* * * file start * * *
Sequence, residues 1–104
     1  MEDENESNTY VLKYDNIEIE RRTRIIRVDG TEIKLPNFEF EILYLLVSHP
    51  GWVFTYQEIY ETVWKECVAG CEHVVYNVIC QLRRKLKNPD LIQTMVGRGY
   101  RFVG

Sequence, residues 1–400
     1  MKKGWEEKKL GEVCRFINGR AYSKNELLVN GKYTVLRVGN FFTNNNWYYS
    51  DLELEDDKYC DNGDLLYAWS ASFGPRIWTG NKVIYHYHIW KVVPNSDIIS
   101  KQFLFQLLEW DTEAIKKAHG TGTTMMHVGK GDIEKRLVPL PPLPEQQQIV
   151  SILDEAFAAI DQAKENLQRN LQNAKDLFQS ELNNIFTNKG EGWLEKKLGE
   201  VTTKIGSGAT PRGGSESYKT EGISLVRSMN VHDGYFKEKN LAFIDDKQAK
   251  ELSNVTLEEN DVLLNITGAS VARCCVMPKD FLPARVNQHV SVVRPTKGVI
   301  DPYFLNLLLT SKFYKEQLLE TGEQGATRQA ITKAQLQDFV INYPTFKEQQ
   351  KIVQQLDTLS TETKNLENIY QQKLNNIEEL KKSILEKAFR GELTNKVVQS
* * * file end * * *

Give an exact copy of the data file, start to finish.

Sequence, residues 1–104
     1  MEDENESNTY VLKYDNIEIE RRTRIIRVDG TEIKLPNFEF EILYLLVSHP
    51  GWVFTYQEIY ETVWKECVAG CEHVVYNVIC QLRRKLKNPD LIQTMVGRGY
   101  RFVG

Sequence, residues 1–400
     1  MKKGWEEKKL GEVCRFINGR AYSKNELLVN GKYTVLRVGN FFTNNNWYYS
    51  DLELEDDKYC DNGDLLYAWS ASFGPRIWTG NKVIYHYHIW KVVPNSDIIS
   101  KQFLFQLLEW DTEAIKKAHG TGTTMMHVGK GDIEKRLVPL PPLPEQQQIV
   151  SILDEAFAAI DQAKENLQRN LQNAKDLFQS ELNNIFTNKG EGWLEKKLGE
   201  VTTKIGSGAT PRGGSESYKT EGISLVRSMN VHDGYFKEKN LAFIDDKQAK
   251  ELSNVTLEEN DVLLNITGAS VARCCVMPKD FLPARVNQHV SVVRPTKGVI
   301  DPYFLNLLLT SKFYKEQLLE TGEQGATRQA ITKAQLQDFV INYPTFKEQQ
   351  KIVQQLDTLS TETKNLENIY QQKLNNIEEL KKSILEKAFR GELTNKVVQS